Blog 874: Tracks of My Years

I have been moaning a lot recently, so I wanted to write something positive for once. What makes me happy? Music!

The mid-morning Radio 2 show does a feature every week, where a celebrity picks ten songs that are in some way meaningful to them. Each day, two get played along with a snippet of interview to explain their choices. I’m never going to be a celebrity so I’ll never get on the radio to do it for real, but I do have a blog… So here’s ten fantastic songs that marked important moments for me.

Tracks of My Years


Erasure — Solsbury Hill

I have to start with Erasure’s cover version of Solsbury Hill because it’s the song that opened the floodgates for me.

I was a teenager who didn’t seem to care much for music… But I had just been introduced to Unreal Tournament and the singleplayer campaign mod Operation: Na Pali, both of which had compelling soundtracks that were starting to register as more than just background noise. And then… this song started playing on the radio. I love the multi-layered synths, I love Andy Bell’s vocals, and I’ve been a fan of Erasure ever since.

A-ha — Stay On These Roads

If Solsbury Hill opened the floodgates, Stay On These Roads is the song that stuck a crowbar into the mechanism and wedged them open for good.

Around that time, the radio had also started playing The Sun Always Shines on TV. This had piqued my interest in A-ha and remains a firm favourite to this day… But it was when Stay On These Roads popped up on The Top Ten At Ten that I tipped over the edge. It’s such an incredibly powerful ultra-ballad, and one I still take great pleasure in howling along to.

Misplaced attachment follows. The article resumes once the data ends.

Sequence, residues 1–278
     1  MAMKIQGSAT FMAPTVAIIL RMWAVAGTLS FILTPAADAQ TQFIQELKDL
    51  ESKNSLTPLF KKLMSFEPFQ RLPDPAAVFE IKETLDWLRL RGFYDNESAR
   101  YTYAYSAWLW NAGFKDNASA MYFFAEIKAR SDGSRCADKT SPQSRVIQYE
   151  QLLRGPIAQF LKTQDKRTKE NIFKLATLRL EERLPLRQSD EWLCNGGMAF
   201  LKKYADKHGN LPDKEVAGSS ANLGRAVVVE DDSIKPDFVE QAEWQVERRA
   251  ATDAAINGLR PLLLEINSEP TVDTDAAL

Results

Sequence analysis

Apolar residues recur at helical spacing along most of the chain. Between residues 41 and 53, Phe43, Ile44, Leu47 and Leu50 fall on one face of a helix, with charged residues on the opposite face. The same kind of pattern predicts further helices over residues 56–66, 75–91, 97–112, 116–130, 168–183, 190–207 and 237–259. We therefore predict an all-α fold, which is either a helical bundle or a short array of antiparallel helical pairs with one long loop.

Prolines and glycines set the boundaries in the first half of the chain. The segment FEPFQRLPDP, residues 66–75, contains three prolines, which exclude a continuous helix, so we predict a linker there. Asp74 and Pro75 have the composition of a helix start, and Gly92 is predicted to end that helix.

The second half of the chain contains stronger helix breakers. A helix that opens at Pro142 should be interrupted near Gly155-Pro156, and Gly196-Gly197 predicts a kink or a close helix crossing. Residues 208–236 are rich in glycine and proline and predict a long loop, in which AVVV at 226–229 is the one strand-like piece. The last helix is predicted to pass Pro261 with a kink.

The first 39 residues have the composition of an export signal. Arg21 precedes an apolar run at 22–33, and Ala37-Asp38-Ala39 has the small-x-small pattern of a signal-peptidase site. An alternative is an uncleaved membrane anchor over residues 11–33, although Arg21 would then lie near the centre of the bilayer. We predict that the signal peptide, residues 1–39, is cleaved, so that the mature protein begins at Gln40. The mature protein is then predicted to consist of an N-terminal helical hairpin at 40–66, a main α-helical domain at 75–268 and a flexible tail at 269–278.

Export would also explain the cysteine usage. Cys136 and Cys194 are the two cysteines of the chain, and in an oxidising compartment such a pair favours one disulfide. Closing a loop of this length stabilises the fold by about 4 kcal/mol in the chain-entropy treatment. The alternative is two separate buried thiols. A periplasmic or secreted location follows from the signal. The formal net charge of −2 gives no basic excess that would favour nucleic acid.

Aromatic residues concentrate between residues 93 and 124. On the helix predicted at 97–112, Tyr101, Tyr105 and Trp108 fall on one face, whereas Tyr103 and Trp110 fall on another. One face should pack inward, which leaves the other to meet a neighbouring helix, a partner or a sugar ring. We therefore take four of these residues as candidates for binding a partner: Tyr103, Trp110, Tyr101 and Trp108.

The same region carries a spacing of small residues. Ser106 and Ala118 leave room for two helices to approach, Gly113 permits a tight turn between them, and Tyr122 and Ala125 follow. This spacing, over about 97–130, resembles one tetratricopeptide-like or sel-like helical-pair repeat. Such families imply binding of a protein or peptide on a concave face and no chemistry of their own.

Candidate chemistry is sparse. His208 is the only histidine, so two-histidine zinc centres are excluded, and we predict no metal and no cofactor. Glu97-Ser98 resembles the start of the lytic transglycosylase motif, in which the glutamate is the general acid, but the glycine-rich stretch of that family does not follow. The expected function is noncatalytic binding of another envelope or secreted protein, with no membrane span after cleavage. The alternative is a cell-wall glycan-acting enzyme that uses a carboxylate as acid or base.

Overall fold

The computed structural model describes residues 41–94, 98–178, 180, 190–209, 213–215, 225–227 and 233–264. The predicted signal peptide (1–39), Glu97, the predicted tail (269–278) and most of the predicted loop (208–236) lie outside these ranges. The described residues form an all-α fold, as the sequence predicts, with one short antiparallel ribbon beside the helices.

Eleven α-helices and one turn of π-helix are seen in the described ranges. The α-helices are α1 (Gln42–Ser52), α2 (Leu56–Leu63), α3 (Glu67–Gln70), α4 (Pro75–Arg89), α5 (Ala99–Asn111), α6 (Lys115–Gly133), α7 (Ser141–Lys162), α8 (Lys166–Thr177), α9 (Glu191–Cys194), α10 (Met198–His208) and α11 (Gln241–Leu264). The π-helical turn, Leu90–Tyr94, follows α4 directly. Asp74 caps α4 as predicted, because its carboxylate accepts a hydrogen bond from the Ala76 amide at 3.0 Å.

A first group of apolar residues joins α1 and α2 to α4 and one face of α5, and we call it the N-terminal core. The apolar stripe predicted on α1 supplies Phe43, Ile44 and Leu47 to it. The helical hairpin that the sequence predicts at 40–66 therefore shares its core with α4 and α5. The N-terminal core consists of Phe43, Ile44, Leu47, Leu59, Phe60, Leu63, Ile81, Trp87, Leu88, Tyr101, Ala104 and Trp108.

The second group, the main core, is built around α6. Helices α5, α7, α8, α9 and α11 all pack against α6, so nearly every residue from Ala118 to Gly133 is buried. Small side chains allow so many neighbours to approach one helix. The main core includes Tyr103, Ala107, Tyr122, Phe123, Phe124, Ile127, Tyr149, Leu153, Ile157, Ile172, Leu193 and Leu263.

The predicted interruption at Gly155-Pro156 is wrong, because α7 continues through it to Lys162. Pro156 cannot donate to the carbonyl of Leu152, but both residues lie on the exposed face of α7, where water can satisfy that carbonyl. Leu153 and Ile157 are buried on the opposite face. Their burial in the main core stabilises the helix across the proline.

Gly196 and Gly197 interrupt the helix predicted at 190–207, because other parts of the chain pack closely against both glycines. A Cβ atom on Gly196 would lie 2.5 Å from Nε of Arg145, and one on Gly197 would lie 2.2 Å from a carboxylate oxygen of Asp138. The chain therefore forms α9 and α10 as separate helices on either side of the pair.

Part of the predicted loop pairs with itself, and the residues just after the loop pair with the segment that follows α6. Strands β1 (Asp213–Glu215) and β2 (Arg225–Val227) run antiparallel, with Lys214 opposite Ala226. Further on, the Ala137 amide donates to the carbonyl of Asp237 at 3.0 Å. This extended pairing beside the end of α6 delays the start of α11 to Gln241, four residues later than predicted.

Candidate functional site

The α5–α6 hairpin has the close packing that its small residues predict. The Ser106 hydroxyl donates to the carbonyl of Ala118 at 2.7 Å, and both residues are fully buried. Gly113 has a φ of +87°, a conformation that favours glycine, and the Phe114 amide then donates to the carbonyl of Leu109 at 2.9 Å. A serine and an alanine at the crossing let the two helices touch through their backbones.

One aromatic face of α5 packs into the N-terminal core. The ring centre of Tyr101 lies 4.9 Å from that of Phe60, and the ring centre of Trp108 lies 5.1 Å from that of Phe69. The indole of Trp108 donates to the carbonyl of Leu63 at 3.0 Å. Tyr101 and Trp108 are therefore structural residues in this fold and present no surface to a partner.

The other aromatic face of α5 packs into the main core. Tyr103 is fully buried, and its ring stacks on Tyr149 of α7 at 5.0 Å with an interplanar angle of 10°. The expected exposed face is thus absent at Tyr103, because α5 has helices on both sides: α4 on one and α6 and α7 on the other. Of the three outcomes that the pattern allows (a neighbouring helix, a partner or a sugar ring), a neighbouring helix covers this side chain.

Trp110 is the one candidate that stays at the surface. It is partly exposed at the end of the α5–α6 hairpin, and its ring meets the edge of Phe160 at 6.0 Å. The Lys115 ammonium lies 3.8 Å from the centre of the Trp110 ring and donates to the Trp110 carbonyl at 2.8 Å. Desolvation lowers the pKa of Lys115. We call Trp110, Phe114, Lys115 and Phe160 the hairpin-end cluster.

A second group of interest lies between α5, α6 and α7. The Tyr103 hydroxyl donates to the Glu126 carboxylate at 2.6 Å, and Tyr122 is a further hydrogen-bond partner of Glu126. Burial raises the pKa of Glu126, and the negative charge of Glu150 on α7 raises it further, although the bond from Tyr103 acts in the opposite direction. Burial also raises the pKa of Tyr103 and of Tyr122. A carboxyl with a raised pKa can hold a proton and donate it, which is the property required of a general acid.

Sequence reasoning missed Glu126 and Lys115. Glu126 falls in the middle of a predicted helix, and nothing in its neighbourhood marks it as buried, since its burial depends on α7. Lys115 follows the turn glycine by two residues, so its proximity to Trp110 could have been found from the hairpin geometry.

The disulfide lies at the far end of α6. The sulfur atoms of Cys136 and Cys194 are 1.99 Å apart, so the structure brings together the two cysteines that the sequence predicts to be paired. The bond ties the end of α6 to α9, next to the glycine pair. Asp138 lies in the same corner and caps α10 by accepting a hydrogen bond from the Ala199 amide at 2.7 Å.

London Boys — Requiem

For all I talk of the floodgates opening in 2003, in hindsight I did actually like music a lot earlier than that, even if I never quite managed to express or act on it.

Local radio station 96.3 QFM used to run a show called Classic Dance Saturday, where they’d play a huge selection of 70s disco, 80s pop and 90s dance music. I’d sit on the floor of my bedroom, Lego all around, and play along to these tunes. Requiem is one song that always stood out to me; it combines pounding dance beats with an almost operatic grandeur, a style that frequently recurs amongst my favourite songs.

Ryan Paris — Dolce Vita

Most of the Classic Dance Saturday playlist haunted me for years after QFM went bust, though some were easier to identify and track down than others. Dolce Vita is an utterly sublime slice of italo-disco, and as a more traditional poppy number it isn’t confined to pre-club evening shows. Alas, I’ve still been unable to find a copy of the album it came from, so I don’t own it properly.

While Ryan Paris actually has some modern stuff on Bandcamp that’s really really really good, unfortunately there are no reissues of his classics. (He is considered a one-hit-wonder in the UK, more fool us.)


Europe — The Final Countdown

Except, yes, there was a time even before Classic Dance Saturday. When I was very small, our parents had a record player in the lounge and a generic 80s compilation album, and The Final Countdown was the song I always wanted played.

Honestly, I’m fairly sure that sitting on the lounge floor with The Final Countdown blaring is my earliest memory of actually engaging with a piece of music. That synth brass line is utterly unstoppable, so it’s no wonder it left an impression — but I didn’t have a record player in my room, so despite its early influence, I lost touch with this song for a very long time. (Honestly I still hate record players, I don’t trust myself with the delicate needles.)

Orchestral Manouevres in the Dark — Telegraph

My parents actually had Dazzle Ships when I was that small too (their original record now decorates my studio wall), but it wasn’t until after the floodgates were opened much later that I really got into OMD. I started with the obvious poppy stuff like Sugar Tax (via lead single Pandora’s Box), but this quickly led to exploring the deep cuts.

Dazzle Ships might now be one of my favourite albums ever made. You may have noticed I’ve been using the album’s camouflage pattern cover as paintwork for my mechs since I first started modelling in the Warcraft III days; the best homage I can offer without being a musician myself. Telegraph is probably my favourite track on the album, perhaps even one of my favourite OMD songs full stop, and it is much to my chagrin that they rarely play it live.


Gary Numan — Photograph